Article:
with mortality registries and, where they exist, with national tumor (and other disease) registries. Where national dose registries cannot be set up, cohort studies based on records of nuclear installations are a useful alternative. It is noted that the power of individual cohort studies at the local and even national levels is limited. To maximize the information about the effects of low-dose, protracted exposures from these studies, it is therefore necessary to combine data across cohorts and countries. Most studies published to date have been based on relatively short follow-up periods, and the majority of workers were still young at the end of follow-up. Extended mortality follow-up over the next decades—and, where possible, cancer morbidity follow-up—of these workers, as they enter an age range when cancer incidence and mortality rates increase, will provide useful improvements of the direct cancer risk estimates drawn from these studies of exposure to low-dose, low-LET radiation. It is also important to continue follow-up of workers exposed to relatively high doses, that is, workers at the Mayak nuclear facility and workers involved in the Chernobyl cleanup.
Ecologic studies of populations living around nuclear facilities and of other environmentally exposed populations do not contain individual estimates of radiation dose or provide a direct quantitative estimate of risk in relation to radiation dose. This limits the interpretation of these data.
Several cohort studies have reported health outcomes among persons exposed to environmental radiation. No consistent or generalizable information is contained in these studies. Four ecologic studies of populations exposed to natural background did not find any association between disease rates and indicators of high background levels of radiation exposure. Ecologic studies of children of adults exposed to radiation while working at the Sellafield nuclear facility in Great Britain have suggested some increased risk of leukemia and lymphoma associated with individual dose, but the findings are based on small numbers of cases and the results across studies are not consistent.
Evidence from ecologic studies does not indicate an increased risk of leukemia among persons exposed in utero to radiation from Chernobyl or an increase in rates of childhood leukemia. In contrast to a considerable body of evidence regarding the risk of thyroid cancer in persons exposed to external radiation, there is relatively little information regarding the risk of thyroid cancer in humans exposed internally to 131I. There is some evidence of a small increase in thyroid cancer associated with exposure to 131I from therapeutic and diagnostic uses, but the findings are inconsistent and the small increases in thyroid cancer observed in some studies may be due to the underlying thyroid condition and not radiation exposure.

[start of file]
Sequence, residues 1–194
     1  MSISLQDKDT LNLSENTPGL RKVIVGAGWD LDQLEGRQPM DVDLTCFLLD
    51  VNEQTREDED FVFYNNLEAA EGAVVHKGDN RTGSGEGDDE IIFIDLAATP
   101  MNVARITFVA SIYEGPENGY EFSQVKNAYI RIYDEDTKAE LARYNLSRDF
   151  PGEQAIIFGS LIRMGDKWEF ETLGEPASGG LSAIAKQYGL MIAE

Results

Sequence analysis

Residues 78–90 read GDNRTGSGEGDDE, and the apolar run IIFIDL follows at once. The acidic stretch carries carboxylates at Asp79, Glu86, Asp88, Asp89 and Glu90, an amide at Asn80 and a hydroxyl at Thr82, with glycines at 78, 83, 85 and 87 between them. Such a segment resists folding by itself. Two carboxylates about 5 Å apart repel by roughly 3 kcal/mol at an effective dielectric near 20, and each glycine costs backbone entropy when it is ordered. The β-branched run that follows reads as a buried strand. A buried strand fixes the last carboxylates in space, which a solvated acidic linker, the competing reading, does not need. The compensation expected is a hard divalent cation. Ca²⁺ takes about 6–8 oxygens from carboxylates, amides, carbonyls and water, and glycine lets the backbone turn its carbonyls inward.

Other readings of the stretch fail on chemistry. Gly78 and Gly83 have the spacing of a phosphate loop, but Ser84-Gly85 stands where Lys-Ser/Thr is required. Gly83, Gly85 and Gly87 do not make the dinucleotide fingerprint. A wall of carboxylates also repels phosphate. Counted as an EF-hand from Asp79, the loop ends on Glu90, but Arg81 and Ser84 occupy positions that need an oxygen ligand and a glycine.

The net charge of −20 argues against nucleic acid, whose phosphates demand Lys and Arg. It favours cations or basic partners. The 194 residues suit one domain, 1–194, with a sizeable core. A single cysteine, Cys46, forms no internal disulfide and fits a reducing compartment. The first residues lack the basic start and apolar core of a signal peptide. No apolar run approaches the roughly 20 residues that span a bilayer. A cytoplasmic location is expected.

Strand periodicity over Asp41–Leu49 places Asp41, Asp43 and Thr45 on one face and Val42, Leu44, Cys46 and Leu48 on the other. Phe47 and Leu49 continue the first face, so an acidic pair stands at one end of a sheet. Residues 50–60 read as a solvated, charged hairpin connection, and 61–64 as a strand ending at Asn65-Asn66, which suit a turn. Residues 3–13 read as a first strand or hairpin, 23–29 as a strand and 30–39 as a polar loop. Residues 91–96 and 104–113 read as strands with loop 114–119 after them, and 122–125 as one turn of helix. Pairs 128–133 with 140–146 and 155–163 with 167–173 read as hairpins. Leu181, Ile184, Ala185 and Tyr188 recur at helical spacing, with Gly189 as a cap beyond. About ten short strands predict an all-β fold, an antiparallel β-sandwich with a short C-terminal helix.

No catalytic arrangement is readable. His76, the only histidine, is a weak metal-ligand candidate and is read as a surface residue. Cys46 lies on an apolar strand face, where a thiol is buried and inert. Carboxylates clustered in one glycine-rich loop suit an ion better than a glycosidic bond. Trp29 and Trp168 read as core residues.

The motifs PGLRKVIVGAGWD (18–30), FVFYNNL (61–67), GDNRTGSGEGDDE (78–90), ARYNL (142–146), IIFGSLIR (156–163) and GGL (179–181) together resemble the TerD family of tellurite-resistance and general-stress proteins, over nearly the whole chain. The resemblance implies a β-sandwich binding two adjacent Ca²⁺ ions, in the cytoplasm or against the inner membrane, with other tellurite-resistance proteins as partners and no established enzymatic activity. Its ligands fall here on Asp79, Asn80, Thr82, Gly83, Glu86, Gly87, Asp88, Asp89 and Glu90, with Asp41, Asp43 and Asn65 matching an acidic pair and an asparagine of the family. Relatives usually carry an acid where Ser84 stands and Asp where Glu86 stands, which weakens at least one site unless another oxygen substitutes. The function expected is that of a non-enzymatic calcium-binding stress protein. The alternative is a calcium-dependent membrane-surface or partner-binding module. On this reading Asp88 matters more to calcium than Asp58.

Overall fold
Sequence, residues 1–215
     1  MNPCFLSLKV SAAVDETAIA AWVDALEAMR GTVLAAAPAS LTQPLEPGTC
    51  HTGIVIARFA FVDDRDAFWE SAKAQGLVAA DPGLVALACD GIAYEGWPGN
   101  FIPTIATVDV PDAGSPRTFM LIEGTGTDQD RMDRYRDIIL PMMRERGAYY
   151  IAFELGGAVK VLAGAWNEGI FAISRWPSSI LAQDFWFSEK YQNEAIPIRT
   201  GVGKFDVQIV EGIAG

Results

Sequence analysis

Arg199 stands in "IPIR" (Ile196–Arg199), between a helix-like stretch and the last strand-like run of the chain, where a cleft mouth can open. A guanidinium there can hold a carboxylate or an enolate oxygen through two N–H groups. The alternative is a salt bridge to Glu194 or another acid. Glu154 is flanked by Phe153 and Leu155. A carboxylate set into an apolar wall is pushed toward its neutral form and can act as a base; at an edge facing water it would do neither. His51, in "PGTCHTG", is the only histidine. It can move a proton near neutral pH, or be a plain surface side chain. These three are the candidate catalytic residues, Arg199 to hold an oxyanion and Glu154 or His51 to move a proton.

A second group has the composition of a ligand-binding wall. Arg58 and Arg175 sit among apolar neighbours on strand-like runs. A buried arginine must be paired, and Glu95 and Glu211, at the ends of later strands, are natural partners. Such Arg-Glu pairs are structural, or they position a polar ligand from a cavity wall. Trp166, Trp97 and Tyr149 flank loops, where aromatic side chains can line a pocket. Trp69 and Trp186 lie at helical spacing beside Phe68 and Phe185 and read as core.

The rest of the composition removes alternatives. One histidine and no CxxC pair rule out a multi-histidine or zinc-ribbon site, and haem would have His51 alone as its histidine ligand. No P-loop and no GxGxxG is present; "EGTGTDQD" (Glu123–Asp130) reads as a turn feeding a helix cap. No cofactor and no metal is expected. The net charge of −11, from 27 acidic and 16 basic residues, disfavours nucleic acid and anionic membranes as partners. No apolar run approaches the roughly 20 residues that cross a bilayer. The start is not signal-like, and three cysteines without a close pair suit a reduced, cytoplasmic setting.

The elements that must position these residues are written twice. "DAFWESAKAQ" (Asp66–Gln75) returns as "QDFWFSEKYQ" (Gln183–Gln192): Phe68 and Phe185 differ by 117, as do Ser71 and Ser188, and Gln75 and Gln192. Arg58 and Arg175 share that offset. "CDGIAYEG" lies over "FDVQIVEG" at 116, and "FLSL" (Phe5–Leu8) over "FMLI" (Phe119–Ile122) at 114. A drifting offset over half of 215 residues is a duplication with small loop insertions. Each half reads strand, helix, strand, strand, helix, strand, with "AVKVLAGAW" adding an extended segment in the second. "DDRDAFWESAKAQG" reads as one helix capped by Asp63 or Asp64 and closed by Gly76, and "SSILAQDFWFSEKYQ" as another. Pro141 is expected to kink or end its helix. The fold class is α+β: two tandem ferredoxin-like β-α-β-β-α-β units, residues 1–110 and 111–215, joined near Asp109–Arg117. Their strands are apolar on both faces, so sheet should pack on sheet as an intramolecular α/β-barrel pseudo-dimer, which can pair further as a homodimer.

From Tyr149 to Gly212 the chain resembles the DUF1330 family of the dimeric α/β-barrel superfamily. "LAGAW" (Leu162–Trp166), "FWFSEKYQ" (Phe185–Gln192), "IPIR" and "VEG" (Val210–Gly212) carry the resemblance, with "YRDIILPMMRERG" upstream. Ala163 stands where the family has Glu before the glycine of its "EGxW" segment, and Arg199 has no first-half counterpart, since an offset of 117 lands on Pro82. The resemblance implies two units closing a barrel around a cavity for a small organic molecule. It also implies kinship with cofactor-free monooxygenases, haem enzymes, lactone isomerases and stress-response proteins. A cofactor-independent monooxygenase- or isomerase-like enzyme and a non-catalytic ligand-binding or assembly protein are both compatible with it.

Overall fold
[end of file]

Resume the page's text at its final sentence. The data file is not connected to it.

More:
Results from external environmental exposures to 131I have been inconsistent. The most informative findings are from studies of individuals exposed to radiation after the Chernobyl accident. Recent evidence indicates that exposure to radiation from Chernobyl is associated with an increased risk of thyroid cancer and that the relationship is dose dependent. The quantitative estimate of excess thyroid cancer risk is generally consistent with estimates from other radiation-exposed populations and is observed in both males and females. Iodine deficiency appears to be an important modifier of risk, enhancing the risk of thyroid cancer following radiation exposure.
Ecologic studies of persons exposed to environmental sources of ionizing radiation have not been useful in developing risk estimates. Exposure levels are low, the studies relate to exposure of populations rather than individuals, and there is minimal possibility of follow-up of exposed individuals. The few exceptions to these circumstances are populations where there is unusual exposure because of accidents involving radiation exposure or long-term releases of relatively high levels of ionizing radiation (e.g., Chernobyl, Hanford).
Research Need 10. Future environmental radiation studies
In general, additional ecologic studies of persons exposed to low levels of radiation from environmental sources are not recommended. However, if disasters occur in which a local population is exposed to unusually high levels of radiation, it is important that there be a rapid response not only for the prevention of further exposure but also for the establishment of scientific evaluation of the possible effects of exposure. The data collected should include basic demographic information on individuals, estimates of acute and possible continuing exposure, the nature of the ionizing radiation, and the means of following these individuals for many years. The possibility of enrolling a comparable nonexposure population should be considered. Studies of persons exposed environmentally as a result of the Chernobyl disaster or as a result of releases from the Mayak nuclear facility should continue.
This chapter highlights the ways in which cellular, molecular, and animal data can be integrated with epidemiologic findings in order to develop coherent judgments on the health effects of low-LET radiation. Emphasis is placed on data integration for the purposes of modeling these health risks. The principal conclusions from this work are the following: